Communal history continues past the era of Islamic rule. Among those Indians who revolted against the British, Bahadur Shah, Zinat Mahal, Maulavi Ahmadullah and General Bakht Khan, all Muslims, are conspicuous by their absence from Hindutva histories. And of course syncretic traditions such as the Bhakti movement, and universalist religious reformers like Rammohan Roy and Keshub Chandra Sen, do not receive much attention from the Hindutva orthodoxy. What does is the uncritical veneration of 'Hindu heroes' like Rana Pratap (portrayed now in Rajasthani textbooks as the victor of the Battle of Haldi Ghati against Akbar, which begs the question why Akbar and not he ruled the country for the following three decades) and of course Chhatrapati Shivaji, the intrepid Maratha warrior whose battles against the Mughals have now replaced accounts of Mughal kings in Maharashtra's textbooks. The Maharashtra Education Board's newly-revised class VII history book of 2017 has eliminated all mention of the pre-Mughal Muslim rulers of India as well, including Razia Sultan, the first woman queen of Delhi, Sher Shah Suri and Muhammad bin Tughlaq, who notoriously and disastrously moved India's capital south from Delhi to Daulatabad. (The educational system is the chosen battlefield for the Hindutva warriors, and curriculum revision their preferred weapon.)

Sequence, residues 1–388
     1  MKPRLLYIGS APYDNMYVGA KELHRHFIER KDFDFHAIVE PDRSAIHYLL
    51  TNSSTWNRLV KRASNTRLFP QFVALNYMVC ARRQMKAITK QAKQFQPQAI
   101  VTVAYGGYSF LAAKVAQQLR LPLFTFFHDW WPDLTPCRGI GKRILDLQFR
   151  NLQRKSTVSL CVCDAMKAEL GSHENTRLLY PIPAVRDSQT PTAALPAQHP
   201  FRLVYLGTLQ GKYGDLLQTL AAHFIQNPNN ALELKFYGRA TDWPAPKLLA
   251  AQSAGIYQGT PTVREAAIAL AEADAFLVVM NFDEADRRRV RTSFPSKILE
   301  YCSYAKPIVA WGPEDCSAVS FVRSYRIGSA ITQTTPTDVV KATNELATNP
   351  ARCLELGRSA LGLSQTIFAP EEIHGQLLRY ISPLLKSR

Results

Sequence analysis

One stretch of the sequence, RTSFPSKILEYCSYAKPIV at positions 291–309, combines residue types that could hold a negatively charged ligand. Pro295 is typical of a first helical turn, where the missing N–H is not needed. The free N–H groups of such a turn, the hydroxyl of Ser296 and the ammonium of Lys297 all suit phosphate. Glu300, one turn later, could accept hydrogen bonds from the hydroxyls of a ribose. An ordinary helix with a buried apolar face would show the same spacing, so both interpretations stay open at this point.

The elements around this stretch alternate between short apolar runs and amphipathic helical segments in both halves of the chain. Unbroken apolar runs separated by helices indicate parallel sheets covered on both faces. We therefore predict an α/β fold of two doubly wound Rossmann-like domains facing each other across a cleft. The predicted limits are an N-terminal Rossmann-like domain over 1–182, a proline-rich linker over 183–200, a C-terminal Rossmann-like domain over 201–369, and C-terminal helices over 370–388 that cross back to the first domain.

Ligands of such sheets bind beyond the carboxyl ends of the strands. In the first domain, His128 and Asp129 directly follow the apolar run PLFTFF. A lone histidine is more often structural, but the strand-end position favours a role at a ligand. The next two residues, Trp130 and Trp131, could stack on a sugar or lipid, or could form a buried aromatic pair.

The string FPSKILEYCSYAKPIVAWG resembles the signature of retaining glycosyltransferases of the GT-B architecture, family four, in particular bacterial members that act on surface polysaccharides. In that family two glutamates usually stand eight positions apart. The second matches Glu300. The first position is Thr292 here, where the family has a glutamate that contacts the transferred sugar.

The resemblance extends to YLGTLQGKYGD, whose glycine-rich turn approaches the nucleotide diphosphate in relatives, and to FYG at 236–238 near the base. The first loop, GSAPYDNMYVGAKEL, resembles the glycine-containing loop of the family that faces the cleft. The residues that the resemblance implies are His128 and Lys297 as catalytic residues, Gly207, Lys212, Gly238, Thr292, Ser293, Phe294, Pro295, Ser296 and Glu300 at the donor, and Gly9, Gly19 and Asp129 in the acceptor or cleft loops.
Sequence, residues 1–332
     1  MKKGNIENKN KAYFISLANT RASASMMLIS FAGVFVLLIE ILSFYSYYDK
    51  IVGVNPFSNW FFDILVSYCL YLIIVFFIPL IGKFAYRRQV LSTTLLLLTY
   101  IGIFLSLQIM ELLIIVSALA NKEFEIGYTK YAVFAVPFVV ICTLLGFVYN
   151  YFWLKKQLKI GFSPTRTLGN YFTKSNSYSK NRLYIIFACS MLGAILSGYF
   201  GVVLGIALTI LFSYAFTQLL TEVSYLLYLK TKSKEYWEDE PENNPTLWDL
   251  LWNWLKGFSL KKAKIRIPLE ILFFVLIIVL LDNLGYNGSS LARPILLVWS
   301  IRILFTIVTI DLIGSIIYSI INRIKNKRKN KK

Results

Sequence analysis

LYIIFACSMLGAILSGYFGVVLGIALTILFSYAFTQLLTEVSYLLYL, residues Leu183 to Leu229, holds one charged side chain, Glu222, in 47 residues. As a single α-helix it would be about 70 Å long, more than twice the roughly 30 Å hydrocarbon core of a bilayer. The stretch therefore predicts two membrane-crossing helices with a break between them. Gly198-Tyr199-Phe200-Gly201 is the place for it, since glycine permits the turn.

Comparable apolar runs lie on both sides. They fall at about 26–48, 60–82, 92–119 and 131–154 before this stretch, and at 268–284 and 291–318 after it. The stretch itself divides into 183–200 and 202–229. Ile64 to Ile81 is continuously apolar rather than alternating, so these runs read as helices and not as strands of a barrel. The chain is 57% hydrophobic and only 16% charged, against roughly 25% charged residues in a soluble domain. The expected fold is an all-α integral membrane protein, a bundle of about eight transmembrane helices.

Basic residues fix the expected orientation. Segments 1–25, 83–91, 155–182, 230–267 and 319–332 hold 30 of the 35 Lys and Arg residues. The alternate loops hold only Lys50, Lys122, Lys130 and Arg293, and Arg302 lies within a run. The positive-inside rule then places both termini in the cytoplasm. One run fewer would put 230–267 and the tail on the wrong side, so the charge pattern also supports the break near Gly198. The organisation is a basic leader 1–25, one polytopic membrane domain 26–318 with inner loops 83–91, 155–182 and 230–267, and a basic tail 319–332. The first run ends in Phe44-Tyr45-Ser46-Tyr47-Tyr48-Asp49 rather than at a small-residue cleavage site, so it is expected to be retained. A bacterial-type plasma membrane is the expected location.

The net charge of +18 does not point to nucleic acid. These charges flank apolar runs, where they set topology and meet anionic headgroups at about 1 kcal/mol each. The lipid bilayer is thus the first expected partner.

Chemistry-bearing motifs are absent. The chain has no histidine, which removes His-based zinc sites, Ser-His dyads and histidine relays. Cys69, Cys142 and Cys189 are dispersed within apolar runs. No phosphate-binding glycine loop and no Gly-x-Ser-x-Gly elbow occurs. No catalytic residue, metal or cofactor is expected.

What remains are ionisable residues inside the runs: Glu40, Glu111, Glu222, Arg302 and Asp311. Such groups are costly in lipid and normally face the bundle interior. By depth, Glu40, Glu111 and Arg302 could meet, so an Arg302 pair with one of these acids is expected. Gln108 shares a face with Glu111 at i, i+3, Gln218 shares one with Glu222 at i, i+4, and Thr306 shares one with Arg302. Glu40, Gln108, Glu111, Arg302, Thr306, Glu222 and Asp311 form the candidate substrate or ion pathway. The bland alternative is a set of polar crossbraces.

TAKING BACK HINDUISM
As a believing Hindu, I cannot agree with the Hindutvavadis. Indeed, I am ashamed of what they are doing while claiming to be acting in the name of my faith. The violence is particularly sickening: it has led tens of thousands of Hindus across India to protest with placards screaming, 'Not In My Name'. As I have explained... and would like to reiterate, I have always prided myself on belonging to a religion of astonishing breadth and range of belief; a religion that acknowledges all ways of worshipping God as equally valid-indeed, the only major religion in the world that does not claim to be the only true religion. As I have often asked: How dare a bunch of goondas shrink the soaring majesty of the Vedas and the Upanishads to the petty bigotry of their brand of identity politics? Why should any Hindu allow them to diminish Hinduism to the raucous self-glorification of the football hooligan, to take a religion of awe-inspiring tolerance and reduce it to a chauvinist rampage?
Hinduism, with its openness, its respect for variety, its acceptance of all other faiths, is one religion which has always been able to assert itself without threatening others. But this is not the Hindutva that destroyed the Babri Masjid, nor that spewed in hate-filled diatribes by communal politicians. It is, instead, the Hinduism of Swami Vivekananda. It is important to parse some of Swami Vivekananda's most significant assertions. The first is his assertion that Hinduism stands for 'both tolerance and universal acceptance. We believe not only in universal toleration, but we accept all religions as true'. He... [quotes] a hymn... to the effect that as different streams originating in different places all flow into the same sea, so do all paths lead to the same divinity. He repeatedly asserted the wisdom of the Advaita belief that Truth is One even if the sages call It by different names. Vivekananda's vision-summarised in the credo 'sarva dharma sambhava'-is, in fact, the kind of Hinduism practised by the vast majority of Hindus, whose instinctive acceptance of other faiths and forms of worship has long been the vital hallmark of our culture...